Building in Quality

Posted on July 11, 2012 by

Have you ever been on the receiving end of numerous inspection steps that feel redundant and of little value to solving your pressing problem? Have you ever experienced lapses in quality as a customer that you discovered? Chances are, most of us all have and worse yet, we’ve become accustomed and even conditioned to this as a necessary way of “doing business.” However, upon closer examination using a process improvement lens, we can begin to see how broken processes and systems build in lots of inspection due to inconsistent results, wide variation, and a lack of trust in our processes.

A case in point is air travel. I recall the last time I flew, I made a conscious effort to count the number of times someone inspected my boarding pass. On this particular occasion, that number was 5: twice at check-in, twice at the security check point, and once before boarding the plane. Mind you, that was all with having already a printed copy of a boarding pass prior to arriving at the airport. A boarding pass serves to verify the name, seat #, flight information, and gate location of the intended passenger. It is a critical and necessary check for both airline personnel and security, but one has to wonder why these same inspections are often repeated multiple times in close succession.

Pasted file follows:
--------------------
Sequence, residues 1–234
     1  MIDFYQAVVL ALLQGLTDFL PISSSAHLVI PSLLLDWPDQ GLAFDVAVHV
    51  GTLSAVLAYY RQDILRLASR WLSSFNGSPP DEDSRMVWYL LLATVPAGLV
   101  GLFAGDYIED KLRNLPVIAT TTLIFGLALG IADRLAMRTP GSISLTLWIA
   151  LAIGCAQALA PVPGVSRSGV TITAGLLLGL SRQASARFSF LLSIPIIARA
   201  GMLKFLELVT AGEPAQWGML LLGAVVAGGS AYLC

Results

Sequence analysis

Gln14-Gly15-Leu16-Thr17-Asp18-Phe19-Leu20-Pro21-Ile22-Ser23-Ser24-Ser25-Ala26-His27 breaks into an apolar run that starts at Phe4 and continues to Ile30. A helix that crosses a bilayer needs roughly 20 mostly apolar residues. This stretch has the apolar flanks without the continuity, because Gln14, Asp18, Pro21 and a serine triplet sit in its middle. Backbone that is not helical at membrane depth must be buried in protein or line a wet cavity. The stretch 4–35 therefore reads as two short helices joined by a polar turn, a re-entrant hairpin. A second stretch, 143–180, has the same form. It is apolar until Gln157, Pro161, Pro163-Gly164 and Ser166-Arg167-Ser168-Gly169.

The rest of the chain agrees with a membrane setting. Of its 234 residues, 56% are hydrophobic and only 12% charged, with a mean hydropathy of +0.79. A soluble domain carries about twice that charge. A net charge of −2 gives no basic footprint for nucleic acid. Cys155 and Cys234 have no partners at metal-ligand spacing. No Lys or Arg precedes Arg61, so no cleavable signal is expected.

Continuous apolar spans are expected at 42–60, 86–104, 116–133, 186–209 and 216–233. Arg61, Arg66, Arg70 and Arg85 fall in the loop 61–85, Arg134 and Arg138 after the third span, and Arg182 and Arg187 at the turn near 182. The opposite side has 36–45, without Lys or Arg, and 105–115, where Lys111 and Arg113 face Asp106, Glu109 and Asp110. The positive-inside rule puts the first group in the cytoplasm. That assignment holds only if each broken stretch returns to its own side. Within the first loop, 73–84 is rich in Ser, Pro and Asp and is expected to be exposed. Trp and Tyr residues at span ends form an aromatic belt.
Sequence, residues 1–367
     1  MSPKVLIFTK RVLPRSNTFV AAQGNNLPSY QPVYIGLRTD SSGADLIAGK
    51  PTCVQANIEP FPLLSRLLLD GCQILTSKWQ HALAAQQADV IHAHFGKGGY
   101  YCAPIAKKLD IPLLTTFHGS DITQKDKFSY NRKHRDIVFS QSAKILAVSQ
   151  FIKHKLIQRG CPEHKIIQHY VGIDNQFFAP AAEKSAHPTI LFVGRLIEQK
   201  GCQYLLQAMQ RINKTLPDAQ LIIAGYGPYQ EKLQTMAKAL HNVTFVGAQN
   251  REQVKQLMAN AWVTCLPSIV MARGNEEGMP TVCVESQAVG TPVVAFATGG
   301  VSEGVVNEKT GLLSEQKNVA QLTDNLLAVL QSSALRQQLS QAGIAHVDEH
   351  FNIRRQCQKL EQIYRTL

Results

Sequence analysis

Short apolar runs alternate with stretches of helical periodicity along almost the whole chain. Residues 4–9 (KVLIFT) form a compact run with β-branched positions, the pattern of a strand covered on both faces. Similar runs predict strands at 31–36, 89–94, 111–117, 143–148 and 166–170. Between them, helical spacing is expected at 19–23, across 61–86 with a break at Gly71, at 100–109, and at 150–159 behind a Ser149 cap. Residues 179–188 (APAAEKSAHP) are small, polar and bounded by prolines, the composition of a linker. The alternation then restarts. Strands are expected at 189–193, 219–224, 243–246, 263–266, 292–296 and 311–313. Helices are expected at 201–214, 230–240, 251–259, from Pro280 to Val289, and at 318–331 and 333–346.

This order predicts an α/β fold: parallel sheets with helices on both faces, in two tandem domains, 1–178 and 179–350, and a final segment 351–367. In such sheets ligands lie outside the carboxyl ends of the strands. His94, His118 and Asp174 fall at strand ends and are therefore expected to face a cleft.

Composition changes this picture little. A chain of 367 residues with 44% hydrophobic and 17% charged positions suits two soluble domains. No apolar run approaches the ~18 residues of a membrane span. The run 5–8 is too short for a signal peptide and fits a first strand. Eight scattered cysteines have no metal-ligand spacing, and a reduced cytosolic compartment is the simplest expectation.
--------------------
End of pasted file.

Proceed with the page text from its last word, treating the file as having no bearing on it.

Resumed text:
In most cases, inspection has been put in place to be on the safe side, often because of a prior incident or precedent producing an unintended result. It can serve as a symptom of recurring errors that have never been adequately addressed for root cause. Over time, they become routine for staff and customers alike as we treat normal, routine work as “exception processing” to be on the safe side. So what is the right type and frequency of inspection? The answer lies in understanding where errors occur (detection), how/why they are passed on, and what causes them in the first place. Some first pass quality may require crtical checks before work moves, and an ability to solve problems where they occur. At the highest level, inspection is replaced by mistake proofing processes, root cause analysis, and error prevention through product and process redesign. Soon, we can realize that reliable and consistent processes that build quality into our work gives everyone better piece of mind.